“In 2005 Taimudarov was ousted from a local mosque for spreading extremist religious views,” the information centre reported. According to the Federal Security Service department, he has been abetting to bandits since 2007 and has recently got in close ties with Aliaskhab Kebekov who led all North Caucasian gangs after warlord Umarov was killed.
As regular readers of the New Great Game Round-Up will know, the North Caucasus insurgency is being enabled and fueled by several states on behalf of the United States. The role of Russia's southern neighbor Georgia in supporting NATO's jihadi mercenaries has been discussed before and is now again in the spotlight due to the ISIS offensive in Iraq. While the media prefers to ignore the real masterminds of the ISIS campaign, there has been some interest in ISIS commander Omar al-Shishani aka Tarkhan Batirashvili who leads us directly to a joint US-Georgia terrorist recruitment and training program: 
​ISIS in Iraq stinks of CIA/NATO ‘dirty war’ op

Jeffrey Silverman, Georgia Bureau Chief for the US-based Veterans Today (VT) website, told me that Batirashvili “is a product of a joint program of the US through a front NGO called Jvari, which was set up by US Intelligence and the Georgian National Security Council, dating back to the early days of the Pankisi Gorge.”

Jvari is the name as well of a famous Georgian Orthodox monastery of the 6th century. According to Silverman, David J. Smith—head of something in Tbilisi called the Georgian Foundation for Strategic and International Studies, as well as the Potomac Institute in Washington where he is listed as Director of the Potomac Institute Cyber Centerr—played a role in setting up the Jvari NGO.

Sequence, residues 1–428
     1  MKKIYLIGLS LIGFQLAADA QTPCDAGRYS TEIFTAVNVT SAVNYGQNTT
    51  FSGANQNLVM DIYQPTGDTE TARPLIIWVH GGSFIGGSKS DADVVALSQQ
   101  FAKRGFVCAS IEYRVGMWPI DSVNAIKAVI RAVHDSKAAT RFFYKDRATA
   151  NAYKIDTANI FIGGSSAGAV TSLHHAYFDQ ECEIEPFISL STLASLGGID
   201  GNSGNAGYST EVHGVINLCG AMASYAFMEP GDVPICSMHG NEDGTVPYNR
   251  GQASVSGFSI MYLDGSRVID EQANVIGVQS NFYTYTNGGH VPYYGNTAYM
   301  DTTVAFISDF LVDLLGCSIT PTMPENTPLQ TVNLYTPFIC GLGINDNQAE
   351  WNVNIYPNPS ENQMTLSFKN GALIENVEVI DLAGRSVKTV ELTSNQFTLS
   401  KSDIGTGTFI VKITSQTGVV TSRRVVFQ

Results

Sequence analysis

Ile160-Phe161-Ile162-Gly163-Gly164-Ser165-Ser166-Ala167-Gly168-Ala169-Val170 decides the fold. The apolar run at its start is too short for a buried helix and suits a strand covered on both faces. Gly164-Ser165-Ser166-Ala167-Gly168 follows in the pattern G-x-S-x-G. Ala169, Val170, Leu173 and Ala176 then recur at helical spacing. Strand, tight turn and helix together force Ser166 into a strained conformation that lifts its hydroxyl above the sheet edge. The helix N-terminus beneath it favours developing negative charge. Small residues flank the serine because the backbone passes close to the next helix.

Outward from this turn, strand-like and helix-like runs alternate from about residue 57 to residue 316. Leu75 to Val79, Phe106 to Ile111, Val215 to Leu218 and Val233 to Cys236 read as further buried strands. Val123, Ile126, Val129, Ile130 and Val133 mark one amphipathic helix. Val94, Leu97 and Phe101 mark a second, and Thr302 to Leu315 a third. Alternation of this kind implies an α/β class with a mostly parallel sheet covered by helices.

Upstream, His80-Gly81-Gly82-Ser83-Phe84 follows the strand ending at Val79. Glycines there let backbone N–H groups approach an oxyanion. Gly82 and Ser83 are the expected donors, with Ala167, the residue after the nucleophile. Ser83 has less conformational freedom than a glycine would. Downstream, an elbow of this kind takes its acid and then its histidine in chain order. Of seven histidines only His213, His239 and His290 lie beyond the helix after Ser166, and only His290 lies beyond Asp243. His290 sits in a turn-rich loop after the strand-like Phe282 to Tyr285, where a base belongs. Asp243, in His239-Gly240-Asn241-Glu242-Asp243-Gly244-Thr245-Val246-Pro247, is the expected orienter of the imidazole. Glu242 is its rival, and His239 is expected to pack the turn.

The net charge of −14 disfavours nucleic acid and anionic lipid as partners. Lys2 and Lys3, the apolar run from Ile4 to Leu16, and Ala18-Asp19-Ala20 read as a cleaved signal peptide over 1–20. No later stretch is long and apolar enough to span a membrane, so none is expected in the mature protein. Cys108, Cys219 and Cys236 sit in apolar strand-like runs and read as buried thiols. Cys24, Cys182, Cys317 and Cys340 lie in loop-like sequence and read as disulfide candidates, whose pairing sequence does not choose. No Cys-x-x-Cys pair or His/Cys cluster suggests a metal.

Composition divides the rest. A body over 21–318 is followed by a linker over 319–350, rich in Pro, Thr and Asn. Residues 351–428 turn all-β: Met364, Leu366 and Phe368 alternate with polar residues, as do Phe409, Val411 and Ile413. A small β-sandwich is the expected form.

Silverman maintains that Jvari in Rustavi, near the capital, Tbilisi, gathered together Afghan Mujahideen war veterans, Chechens, Georgians and sundry Arab Jihadists. They were sent to the infamous Pankisi Gorge region, a kind-of no-man’s lawless area, for later deployment, including Iraq and Syria.

Georgia is doing its best to please the U.S. and NATO but even the willingness to host various terrorists on its territory has been not enough to obtain NATO's much-desired Membership Action Plan (MAP). Secretary General Anders Fogh Rasmussen promised the Georgian government a "substantive package" ahead of the NATO summit in September to help Georgia "come closer" to the U.S.-led military alliance but due to stong opposition from German Chancellor Angela Merkel, Tbilisi will have to wait for the MAP a little longer. Nevertheless, Georgia is moving closer to the West with the signing of the EU Association Agreement, much to delight of U.S. Secretary of State John Kerry, who immediately celebrated that Washington is one step closer to realizing a "Europe whole and free", which means the consolidation of a unified Europe controlled by Brussels on behalf of the United States:
EU signs association accords with Ukraine, Georgia, Moldova

The European Union on Friday signed association accords with Ukraine, Georgia and Moldova as the three former Soviet republics committed themselves to a future in Europe.

"This is a great day for Europe... the European Union stands by your side today more than ever before," European Council head Herman Van Rompuy said at the ceremony with Ukraine President Petro Poroshenko and prime ministers Irakli Garibashvili of Georgia and Iurie Leanca of Moldova.